To assess development of visual acuity, a preferential looking procedure was administered to 13 nursery-reared chimpanzee infants ranging in age from 1 to 52 weeks. Chimpanzees exhibited acuity levels poorer than 1 cycle/degree when tested within the first weeks after birth, which is similar to that seen in neonatal humans and monkeys. Acuity improved about tenfold to near 10 cycles/degree during the first year. The time course of chimpanzee acuity development was more similar to that of humans than of monkeys. Tests were conducted at two or three separate viewing distances (38, 76, or 152 cm) in some individuals. This was done because previous observations during neurobehavioral assessments had found optimal focal distance to be longer in chimpanzee than in human infants. The results exhibited a nonsignificant trend for acuity to be better at far (76 or 152 cm) than at near (38 cm) viewing distances. These normative data can be usefully applied to further our understanding of the biological bases of perceptual and motor development and the effects of their coordination on subsequent development of other functions in primates.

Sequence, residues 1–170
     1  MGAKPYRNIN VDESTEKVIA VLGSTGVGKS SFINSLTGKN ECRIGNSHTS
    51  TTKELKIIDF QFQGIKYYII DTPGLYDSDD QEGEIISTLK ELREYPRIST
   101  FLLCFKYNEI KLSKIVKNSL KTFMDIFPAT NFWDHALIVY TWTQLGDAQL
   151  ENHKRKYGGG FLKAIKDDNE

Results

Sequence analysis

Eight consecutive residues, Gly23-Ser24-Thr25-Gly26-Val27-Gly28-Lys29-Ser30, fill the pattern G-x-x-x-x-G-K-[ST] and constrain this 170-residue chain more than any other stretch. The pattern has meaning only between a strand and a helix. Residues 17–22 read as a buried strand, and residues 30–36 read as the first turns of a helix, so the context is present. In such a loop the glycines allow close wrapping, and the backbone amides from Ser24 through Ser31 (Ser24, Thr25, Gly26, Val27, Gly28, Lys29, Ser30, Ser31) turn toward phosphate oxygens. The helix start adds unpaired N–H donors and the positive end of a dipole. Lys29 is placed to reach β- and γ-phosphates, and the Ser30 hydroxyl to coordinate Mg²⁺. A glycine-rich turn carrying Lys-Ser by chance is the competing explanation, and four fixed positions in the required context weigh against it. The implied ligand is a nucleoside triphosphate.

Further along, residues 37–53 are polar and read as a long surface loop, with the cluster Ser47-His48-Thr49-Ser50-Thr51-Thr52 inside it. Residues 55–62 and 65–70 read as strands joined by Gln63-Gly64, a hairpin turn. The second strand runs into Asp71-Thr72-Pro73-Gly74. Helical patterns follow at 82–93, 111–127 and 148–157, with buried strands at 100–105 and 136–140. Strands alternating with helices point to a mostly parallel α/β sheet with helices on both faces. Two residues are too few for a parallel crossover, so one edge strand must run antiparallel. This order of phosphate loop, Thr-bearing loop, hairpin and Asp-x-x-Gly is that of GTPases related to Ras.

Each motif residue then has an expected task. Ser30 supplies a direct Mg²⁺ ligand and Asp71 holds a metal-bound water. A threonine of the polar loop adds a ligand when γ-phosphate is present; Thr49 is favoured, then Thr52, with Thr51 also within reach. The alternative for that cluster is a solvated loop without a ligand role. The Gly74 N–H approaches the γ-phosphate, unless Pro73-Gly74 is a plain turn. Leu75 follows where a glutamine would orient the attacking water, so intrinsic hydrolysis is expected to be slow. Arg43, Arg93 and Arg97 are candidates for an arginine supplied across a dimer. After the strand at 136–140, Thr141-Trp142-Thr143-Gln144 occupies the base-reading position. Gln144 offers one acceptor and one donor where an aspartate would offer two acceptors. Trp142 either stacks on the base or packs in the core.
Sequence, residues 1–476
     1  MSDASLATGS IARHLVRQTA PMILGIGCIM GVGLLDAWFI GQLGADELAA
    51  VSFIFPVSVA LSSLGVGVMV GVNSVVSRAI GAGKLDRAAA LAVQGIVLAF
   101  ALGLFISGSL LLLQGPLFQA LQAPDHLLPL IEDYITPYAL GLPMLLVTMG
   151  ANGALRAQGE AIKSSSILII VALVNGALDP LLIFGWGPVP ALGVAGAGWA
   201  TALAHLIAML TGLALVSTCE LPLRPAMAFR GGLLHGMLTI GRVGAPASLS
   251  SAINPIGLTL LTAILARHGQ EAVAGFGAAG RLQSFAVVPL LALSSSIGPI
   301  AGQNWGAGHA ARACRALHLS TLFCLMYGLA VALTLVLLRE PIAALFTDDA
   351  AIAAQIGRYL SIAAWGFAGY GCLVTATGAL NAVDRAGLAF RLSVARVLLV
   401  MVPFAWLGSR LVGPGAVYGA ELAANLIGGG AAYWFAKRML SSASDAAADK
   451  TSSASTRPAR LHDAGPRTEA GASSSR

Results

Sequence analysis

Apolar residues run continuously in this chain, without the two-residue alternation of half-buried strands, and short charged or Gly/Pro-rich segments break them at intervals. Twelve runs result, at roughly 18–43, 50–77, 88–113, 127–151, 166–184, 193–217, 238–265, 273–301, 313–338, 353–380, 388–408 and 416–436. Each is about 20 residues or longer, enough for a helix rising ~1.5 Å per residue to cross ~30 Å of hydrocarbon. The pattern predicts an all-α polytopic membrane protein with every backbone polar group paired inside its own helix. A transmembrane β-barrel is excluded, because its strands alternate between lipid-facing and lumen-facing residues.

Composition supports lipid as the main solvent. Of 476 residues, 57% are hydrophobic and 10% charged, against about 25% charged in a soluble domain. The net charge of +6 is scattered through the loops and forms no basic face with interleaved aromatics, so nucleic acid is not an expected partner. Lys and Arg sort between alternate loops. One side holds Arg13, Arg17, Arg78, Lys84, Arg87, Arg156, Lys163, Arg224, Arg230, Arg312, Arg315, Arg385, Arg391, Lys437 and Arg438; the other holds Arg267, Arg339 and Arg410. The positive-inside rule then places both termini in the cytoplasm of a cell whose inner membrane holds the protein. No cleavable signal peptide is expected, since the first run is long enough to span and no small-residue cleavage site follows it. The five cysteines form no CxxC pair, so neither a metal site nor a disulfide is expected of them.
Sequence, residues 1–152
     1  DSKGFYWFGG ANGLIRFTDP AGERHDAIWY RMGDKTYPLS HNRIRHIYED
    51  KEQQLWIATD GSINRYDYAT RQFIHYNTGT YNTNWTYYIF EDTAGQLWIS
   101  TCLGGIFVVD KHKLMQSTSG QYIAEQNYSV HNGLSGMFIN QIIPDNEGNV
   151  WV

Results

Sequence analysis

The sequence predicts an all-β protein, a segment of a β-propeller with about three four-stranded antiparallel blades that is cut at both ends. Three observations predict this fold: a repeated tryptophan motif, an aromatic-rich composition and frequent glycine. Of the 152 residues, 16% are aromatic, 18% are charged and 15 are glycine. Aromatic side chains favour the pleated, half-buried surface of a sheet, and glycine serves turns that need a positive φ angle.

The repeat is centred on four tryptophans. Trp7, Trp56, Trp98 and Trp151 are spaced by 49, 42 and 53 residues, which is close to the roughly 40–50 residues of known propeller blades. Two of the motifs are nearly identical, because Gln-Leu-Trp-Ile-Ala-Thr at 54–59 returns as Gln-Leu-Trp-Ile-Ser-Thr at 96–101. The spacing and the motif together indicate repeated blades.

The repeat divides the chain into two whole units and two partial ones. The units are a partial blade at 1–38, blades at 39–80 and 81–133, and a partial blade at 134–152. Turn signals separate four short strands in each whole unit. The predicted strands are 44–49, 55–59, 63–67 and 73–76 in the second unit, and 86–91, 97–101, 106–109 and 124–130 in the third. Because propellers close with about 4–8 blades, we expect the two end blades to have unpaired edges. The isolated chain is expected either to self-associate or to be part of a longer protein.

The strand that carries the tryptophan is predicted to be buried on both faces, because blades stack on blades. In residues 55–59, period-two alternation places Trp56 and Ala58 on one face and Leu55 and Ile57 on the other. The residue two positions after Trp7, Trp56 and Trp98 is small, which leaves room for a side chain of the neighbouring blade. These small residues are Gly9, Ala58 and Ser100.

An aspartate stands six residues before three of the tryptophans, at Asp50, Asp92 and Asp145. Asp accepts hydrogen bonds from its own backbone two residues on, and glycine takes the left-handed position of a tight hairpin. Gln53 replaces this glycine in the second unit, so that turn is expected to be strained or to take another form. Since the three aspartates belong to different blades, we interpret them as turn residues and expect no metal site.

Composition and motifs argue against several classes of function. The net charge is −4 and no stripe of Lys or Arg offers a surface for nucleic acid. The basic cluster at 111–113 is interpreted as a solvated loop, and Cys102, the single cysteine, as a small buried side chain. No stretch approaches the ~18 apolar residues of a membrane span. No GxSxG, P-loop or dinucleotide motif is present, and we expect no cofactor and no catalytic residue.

|Number of pages||8|
|Journal||Infant Behavior and Development|
|Publication status||Published - 1 Jan 1995|
- great ape
- perceptual development
- visual development